Wayne Barnes should not have awarded a penalty against Stephen Ferris — let alone followed it up with a yellow card — for the tackle on Ian Evans which allowed Wales to snatch victory at Lansdowne Road last weekend.
That was the finding of the independent Six Nations’ disciplinary committee detailed with hearing the Ulster flanker’s citing charge in London, according to a statementissued by the Ireland team’s management last night.
Paul O’Connell admitted after the game he was stunned to hear theEnglish match official award a penalty for the incident and Irish incredulity was heightened when the Ulster flanker was sin-binned and duly cited by the match commissioner.
Even Warren Gatland admitted there was no comparison between Ferris’ tackle and Bradley Davies’ off-the-ball variety on Donnacha Ryan and that was emphasised by the decision yesterday to suspend the Welsh lock for seven weeks.
So, while Ferris is now free to face the French this weekend, Davies will have to sit out the rest of the Six Nations as his ban runs up to March 26, nine days after his side meets France in what could yet be a championship decider in Cardiff.
Both players’ citing cases were heard yesterday afternoon and Irish team manager Mick Kearney, who accompanied Ferris to the English capital, claimed the verdict was exoneration of the back row’s much-debated tackle.
“While we understand and fully support the stance to stamp out dangerous tackles in the game to make it safe at all levels, the disciplinary panel itself felt the decision to award a penalty was incorrect and we also felt that it was a fair and legitimate tackle by Stephen,” he said.
“He is a hard and fair player and I think that his previous disciplinary record supports why we felt so strongly about his defence. The focus now for Stephen and the rest of the squad is to prepare for the game against France this weekend.”
As for Davies, a Six Nations spokesperson said his indiscretion had “merited a top-end entry to the IRB’s table of sanctions” which will be bittersweet news for Declan Kidney’s charges given he received only a yellow card at the time.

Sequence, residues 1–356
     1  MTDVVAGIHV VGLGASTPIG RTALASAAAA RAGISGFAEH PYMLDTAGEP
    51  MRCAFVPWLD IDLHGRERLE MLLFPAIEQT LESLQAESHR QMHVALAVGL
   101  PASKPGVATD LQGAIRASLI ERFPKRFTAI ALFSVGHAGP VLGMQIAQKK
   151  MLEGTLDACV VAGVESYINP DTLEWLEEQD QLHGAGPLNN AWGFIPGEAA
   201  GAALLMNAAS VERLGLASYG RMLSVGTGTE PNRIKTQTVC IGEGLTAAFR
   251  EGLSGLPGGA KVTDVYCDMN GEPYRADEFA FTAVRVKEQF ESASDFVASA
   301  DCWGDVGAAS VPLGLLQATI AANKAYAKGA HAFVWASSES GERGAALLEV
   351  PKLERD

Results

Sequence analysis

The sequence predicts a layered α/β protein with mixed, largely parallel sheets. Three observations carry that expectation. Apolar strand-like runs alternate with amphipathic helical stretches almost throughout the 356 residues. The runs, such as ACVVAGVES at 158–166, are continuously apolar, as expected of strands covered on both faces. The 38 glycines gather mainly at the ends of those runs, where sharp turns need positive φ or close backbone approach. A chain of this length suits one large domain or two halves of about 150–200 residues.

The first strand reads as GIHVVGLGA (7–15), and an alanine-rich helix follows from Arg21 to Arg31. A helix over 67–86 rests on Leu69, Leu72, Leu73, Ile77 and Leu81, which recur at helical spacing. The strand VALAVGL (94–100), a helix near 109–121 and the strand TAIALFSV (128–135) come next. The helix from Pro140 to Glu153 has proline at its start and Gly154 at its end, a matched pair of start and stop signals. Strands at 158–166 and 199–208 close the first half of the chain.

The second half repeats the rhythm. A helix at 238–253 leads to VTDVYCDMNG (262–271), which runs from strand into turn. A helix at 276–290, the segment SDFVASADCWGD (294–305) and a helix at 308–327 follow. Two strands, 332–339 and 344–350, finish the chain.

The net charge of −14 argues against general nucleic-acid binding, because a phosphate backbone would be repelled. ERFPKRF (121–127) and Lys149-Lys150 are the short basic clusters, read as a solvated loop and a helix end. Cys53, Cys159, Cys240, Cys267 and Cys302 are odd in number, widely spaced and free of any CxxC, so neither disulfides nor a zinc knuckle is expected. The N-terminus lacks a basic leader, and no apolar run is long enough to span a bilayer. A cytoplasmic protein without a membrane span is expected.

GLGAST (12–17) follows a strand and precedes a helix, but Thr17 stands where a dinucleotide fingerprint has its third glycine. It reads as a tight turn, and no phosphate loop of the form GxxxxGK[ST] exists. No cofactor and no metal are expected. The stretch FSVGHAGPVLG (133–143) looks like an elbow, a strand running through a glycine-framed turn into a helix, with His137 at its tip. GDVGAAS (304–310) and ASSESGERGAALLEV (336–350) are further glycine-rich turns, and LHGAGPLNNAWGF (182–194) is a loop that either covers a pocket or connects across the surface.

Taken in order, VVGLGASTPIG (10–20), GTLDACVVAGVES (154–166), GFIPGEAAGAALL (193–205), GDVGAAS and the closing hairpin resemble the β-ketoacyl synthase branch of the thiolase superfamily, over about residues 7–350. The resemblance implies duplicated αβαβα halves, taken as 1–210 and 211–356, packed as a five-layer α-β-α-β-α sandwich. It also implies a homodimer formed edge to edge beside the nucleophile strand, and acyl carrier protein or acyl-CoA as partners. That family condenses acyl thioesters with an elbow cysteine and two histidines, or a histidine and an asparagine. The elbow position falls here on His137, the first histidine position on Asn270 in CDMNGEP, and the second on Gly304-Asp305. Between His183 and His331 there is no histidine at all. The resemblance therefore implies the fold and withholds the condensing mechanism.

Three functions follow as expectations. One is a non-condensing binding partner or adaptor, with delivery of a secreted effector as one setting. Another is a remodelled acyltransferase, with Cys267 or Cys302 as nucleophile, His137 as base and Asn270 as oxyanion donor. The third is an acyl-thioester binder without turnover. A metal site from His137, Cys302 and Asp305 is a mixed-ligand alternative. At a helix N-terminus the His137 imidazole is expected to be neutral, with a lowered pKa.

The committee added two weeks to the entry point ban of 10 weeks to “reflect the need for a deterrent for this type of foul play” but then applied the maximum reduction of five weeks for his “admission of guilt, his previous good disciplinary record and his conduct at the hearing”.
“Thank goodness that is all over. Happy man,” Ferris tweeted later and his confirmed availability leaves Kidney with a full complement from which to choose for the visit to a venue which has provided few happy memories for the national team.
Too often Ireland have been buried before drawing breath in Saint-Denis. In 2006 they trailed 43-3 and the deficit was 26-6 at one point two years later. Both games produced storming but futile comebacks and Rob Kearney wants that trend to end.
l Six Nations and French federation officials remain fully confident Saturday’s game will go ahead despite concerns voiced by Vincent Clerc that the surface could be dangerous and even unplayable.
Clerc, who started on the wing in France’s tournament opener at the Stade de France and said last night: “If it’s minus seven [degrees Celsius] on Saturday, there is reason for concern over the frozen pitch. It was already frozen when we played Italy. The parts near the touchline were frozen.”
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